Turning Tek

Once considered an extreme activity reserved only for a fringe set of explorers and adventurers, technical diving has grown in popularity since the ‘90s and has become mainstream. However, technical diving is not for everyone. Aside from an advanced skill set, it also requires a certain mindset. How do you know if you have got it? Simon Pridmore offers insights into what makes a good technical diver.

Tech diver on wreck
Technical diver on wreck

Contributed by

After almost three hours underwater, the divers surface silently behind the boat and fin slowly to the ladder where the crew is waiting to relieve them of the torpedo-like propulsion vehicles they are towing. They unclip unused cylinders clipped to the side of their harnesses and hand them up carefully.

Back on deck, they close the mouthpieces integral to their full-face masks and check the twin monitoring devices strapped to their forearms before shucking off their shell-clad electronic life-support devices and laying them down gently.

The atmosphere is calm. There is no whooping, hollering or backslapping, even though they have just accomplished the sort of dive that would have been impossible a couple of decades ago.

Tomorrow, they will carry out a similar dive. Then, on Monday, they will be back sitting behind desks wearing a different kind of dark suit.

These are not professionals, military divers or explorers; they are just two guys out of the city on a long weekend break, indulging themselves in their hobby. Their chosen sport is technical diving: extreme diving performed with a high degree of preparation and precision.

A little history

The term “technical diving” was adopted in 1991 by aquaCORPS magazine founder Michael Menduno to describe the activities of a number of disparate groups of adventurers and explorers who were using military and commercial diving technology, ideas, equipment and decompression tables to make dives well beyond the bounds of normal sport scuba, as safely as possible.

A community coalesced, procedures were tried and tested, specialised training agencies were established, information was shared, and news spread quickly. This was the most exciting development in diving in decades.

Some people in the sport’s mainstream were appalled at its popularity. They forecast disaster. They feared that members from the extreme outer reaches of the sport, who were leading the charge, would act irresponsibly, leading to a spate of diver deaths, destroying scuba’s carefully crafted image as a “sport for all” and attracting government intervention and regulation—something scuba diving had always managed to avoid, at least in the USA, mainly thanks to its excellent safety record.

Publicity campaigns were launched, encouraging divers to reject this “dangerous” new trend and seeking to set deep planned-decompression mixed-gas diving apart from the mainstream. Sport divers should stick to air, no decompression-stop diving, no overhead-environment diving and a maximum depth of 39m (130ft), they said.

Anyone who engaged in activities beyond these limits was not a sport diver. They were outliers, to be ignored and excluded by the sport-diving world. This had been the attitude towards cave divers since the 1960s—not that the cave divers cared.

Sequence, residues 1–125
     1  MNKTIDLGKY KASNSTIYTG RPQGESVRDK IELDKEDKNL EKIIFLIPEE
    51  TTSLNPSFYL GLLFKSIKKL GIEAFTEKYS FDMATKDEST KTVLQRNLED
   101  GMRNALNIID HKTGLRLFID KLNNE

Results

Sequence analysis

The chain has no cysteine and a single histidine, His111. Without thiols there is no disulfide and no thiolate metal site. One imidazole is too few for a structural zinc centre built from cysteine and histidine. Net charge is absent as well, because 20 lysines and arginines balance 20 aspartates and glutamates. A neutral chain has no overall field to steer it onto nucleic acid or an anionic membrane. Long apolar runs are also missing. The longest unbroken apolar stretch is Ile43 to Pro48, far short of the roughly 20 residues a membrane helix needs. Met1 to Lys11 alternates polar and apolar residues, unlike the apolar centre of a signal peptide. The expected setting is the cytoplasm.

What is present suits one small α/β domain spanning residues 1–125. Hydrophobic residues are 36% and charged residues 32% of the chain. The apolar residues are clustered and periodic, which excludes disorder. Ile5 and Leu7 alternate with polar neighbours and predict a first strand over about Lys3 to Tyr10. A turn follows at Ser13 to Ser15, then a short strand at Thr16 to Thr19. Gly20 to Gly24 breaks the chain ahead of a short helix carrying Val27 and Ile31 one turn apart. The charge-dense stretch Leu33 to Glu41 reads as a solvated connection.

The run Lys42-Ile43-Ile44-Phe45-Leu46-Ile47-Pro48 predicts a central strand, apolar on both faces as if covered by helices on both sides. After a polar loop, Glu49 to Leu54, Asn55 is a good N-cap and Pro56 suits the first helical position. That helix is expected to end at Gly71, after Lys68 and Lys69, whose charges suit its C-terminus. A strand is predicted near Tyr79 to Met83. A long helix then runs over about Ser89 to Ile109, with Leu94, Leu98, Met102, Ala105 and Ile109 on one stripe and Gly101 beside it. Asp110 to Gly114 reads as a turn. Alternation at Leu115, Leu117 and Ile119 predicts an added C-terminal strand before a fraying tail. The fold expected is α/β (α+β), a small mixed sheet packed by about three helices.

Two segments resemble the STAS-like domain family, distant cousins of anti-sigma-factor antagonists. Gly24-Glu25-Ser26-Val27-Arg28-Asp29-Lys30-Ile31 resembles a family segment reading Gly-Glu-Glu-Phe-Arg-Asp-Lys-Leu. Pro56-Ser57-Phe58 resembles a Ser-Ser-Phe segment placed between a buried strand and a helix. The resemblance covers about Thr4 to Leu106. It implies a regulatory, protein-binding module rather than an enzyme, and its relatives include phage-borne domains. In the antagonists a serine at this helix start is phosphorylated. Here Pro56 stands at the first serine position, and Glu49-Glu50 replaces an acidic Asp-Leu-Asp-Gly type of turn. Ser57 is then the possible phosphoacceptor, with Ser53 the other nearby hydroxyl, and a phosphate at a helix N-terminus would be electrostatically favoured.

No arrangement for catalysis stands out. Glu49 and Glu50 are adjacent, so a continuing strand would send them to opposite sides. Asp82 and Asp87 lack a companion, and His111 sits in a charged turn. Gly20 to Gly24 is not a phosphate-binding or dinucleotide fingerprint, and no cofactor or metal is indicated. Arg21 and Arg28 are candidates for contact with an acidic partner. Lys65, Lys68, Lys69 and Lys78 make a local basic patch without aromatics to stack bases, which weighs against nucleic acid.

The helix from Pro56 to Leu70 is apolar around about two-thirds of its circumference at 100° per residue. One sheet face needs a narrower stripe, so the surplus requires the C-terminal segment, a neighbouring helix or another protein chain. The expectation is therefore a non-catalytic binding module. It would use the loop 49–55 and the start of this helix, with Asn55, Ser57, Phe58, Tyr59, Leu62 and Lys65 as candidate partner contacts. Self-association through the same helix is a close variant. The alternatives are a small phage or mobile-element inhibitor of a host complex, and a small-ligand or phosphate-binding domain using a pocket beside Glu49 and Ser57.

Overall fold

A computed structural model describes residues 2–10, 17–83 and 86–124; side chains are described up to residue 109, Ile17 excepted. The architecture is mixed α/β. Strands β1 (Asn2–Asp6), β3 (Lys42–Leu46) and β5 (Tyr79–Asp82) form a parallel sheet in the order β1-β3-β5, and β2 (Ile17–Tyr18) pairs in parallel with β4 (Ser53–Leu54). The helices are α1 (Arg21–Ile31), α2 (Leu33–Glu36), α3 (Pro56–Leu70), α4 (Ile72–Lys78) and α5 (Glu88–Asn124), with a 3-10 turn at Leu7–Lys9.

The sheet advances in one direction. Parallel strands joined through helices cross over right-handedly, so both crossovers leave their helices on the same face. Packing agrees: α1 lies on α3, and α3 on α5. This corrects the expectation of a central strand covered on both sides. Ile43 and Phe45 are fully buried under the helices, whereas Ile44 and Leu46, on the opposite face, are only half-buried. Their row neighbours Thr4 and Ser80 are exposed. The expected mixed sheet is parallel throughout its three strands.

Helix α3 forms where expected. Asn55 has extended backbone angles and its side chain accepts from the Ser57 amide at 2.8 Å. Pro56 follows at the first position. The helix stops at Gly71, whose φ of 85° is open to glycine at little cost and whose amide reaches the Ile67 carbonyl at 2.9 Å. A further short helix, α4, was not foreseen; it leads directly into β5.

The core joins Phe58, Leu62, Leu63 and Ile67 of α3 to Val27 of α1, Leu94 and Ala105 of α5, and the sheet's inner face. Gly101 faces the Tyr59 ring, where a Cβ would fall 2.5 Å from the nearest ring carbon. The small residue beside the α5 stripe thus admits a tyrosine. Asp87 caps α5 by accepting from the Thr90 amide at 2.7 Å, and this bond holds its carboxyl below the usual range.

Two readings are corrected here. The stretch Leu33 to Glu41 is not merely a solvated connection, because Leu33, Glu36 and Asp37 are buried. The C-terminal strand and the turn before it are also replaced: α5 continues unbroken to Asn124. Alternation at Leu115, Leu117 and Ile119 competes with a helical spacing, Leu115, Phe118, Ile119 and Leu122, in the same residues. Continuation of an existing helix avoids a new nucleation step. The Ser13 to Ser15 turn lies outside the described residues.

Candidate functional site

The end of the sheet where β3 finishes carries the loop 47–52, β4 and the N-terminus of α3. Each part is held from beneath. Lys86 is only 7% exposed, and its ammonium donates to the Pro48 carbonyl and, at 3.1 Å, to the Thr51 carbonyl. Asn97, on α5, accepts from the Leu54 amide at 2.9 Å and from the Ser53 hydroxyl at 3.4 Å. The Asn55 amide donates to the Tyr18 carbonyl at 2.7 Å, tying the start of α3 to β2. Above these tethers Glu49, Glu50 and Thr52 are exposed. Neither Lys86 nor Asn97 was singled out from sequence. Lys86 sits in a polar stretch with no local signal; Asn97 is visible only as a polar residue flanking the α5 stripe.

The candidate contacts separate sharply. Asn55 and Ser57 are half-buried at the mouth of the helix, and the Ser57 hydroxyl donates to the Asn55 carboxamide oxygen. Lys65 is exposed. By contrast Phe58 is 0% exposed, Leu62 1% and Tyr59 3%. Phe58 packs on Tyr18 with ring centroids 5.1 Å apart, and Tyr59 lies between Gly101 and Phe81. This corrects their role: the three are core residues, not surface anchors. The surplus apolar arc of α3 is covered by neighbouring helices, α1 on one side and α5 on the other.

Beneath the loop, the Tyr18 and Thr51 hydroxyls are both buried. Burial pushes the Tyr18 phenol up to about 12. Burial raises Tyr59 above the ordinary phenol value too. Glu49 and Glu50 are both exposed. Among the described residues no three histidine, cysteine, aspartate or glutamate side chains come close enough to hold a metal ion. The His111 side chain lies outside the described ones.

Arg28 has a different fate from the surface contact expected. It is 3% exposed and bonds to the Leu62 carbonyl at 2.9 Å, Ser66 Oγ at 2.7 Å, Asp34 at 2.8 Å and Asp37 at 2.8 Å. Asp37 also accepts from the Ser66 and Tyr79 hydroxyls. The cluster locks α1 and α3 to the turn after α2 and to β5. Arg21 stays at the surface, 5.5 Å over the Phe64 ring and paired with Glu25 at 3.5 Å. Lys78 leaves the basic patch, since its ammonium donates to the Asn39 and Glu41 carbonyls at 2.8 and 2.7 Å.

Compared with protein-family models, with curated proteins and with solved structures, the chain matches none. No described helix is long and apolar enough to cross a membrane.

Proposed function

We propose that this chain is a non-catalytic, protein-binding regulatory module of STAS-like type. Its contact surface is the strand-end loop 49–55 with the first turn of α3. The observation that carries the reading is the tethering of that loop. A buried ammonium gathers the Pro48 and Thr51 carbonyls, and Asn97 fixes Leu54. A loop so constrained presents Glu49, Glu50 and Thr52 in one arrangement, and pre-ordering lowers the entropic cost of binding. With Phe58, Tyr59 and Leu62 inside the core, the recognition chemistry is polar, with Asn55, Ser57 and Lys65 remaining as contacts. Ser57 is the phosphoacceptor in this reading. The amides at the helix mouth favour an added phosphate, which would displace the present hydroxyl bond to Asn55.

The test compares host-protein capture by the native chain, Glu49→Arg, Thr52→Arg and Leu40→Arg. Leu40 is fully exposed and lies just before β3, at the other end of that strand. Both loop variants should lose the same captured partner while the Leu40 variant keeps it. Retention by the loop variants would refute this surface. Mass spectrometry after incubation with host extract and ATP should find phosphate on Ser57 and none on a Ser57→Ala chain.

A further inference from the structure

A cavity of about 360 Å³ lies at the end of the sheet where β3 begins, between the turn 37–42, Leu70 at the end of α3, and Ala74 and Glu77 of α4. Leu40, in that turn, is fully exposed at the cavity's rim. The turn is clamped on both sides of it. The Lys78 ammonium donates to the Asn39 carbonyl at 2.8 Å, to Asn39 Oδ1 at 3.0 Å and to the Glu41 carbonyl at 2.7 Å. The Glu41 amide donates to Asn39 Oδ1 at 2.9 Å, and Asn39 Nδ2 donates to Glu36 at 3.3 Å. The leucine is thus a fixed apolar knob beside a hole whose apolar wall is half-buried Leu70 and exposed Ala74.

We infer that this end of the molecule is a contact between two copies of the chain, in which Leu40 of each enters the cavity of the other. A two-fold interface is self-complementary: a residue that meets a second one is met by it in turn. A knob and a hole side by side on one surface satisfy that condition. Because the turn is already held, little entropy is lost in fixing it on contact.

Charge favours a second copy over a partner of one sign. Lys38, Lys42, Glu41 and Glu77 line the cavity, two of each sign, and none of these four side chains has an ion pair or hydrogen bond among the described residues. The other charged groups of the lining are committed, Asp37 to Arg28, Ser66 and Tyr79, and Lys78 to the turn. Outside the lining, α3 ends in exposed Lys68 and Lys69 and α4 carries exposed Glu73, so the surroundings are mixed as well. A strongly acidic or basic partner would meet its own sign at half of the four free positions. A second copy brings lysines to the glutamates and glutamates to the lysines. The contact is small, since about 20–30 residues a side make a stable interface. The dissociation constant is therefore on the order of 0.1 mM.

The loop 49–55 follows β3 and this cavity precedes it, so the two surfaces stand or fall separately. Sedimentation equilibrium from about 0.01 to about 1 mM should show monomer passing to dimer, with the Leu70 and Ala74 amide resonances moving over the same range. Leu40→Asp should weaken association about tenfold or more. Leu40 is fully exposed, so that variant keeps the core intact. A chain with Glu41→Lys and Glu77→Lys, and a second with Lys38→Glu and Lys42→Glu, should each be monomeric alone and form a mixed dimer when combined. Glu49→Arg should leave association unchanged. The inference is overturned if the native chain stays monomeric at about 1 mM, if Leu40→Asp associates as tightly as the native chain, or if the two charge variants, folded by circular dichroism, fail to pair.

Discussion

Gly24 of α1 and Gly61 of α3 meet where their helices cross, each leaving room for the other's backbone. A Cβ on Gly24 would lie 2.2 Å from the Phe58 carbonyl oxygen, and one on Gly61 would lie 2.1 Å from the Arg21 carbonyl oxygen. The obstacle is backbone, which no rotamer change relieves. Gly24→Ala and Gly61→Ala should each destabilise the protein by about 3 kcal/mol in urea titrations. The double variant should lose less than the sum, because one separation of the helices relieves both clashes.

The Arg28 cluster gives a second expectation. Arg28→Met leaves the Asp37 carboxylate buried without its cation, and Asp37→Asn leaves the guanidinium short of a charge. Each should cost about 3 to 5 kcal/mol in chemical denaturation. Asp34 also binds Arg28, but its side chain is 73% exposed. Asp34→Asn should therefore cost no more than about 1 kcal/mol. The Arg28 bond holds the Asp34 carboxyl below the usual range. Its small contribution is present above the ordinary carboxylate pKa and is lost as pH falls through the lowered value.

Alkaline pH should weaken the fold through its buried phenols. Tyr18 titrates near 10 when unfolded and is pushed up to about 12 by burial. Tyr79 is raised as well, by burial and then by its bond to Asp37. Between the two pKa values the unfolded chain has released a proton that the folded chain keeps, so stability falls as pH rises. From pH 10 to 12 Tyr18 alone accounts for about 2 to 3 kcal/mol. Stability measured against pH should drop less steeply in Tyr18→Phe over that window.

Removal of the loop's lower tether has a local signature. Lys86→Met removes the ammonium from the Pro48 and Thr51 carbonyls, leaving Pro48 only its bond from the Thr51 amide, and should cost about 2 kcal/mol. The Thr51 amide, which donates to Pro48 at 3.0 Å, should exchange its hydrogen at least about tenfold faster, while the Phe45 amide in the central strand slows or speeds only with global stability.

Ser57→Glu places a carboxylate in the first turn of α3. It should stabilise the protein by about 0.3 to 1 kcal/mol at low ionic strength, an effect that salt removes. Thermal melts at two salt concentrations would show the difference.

But the lure of hitherto unimagined opportunities was too strong; divers continued to queue up to acquire the necessary equipment and training, and the feared deluge of diver deaths did not transpire. Before long, the sport-diving hierarchy gave in to popular demand, and today, plenty of technical diving initiatives, such as nitrox, delayed surface marker buoys and harness-and-wing BCDs, have become part of mainstream diving, and most sport-diver training agencies offer technical diving courses.

A particular mindset

So, what is technical diving? Many think of technical divers as crazed individuals dressed head-to-toe in black, foolhardily festooned in the contents of a small dive shop, launching themselves into the depths without a thought for their own safety. This image is reinforced by the common practice of defining technical diving in terms of the extreme nature of the dive or the equipment used—for instance, a dive below 40m (130ft) or deep penetration inside an overhead environment such as a cave or shipwreck.

The true definition of technical diving owes far more to the mindset of the diver than the particulars of the dive. A technical approach to a dive involves objective analysis of the risks involved and calculation of the type and amount of gas required and the right equipment to use. It also involves the consideration of what potentially life-threatening events might occur on the dive and an assessment of the skills and backup equipment that the diver will need to be armed with in order to survive.


Contrary to common misconception, very few people come into technical diving drawn by the quest for a thrill or adrenaline rush. After all, rather than court danger, the whole ethos of the sport is to counter risk through the application of planning, training and technology. Most technical divers are thoughtful people who are attentive to detail, sometimes to an obsessive degree.

Most early technical divers were explorers driven to go further to set records, visit virgin shipwrecks, solve maritime mysteries, penetrate flooded cave systems, learn more about the sea, and record and research marine life. Some of those that have followed them share similar ambitions, but there are also those who are just motivated by curiosity, a desire to test themselves or a fascination with the science and technology involved.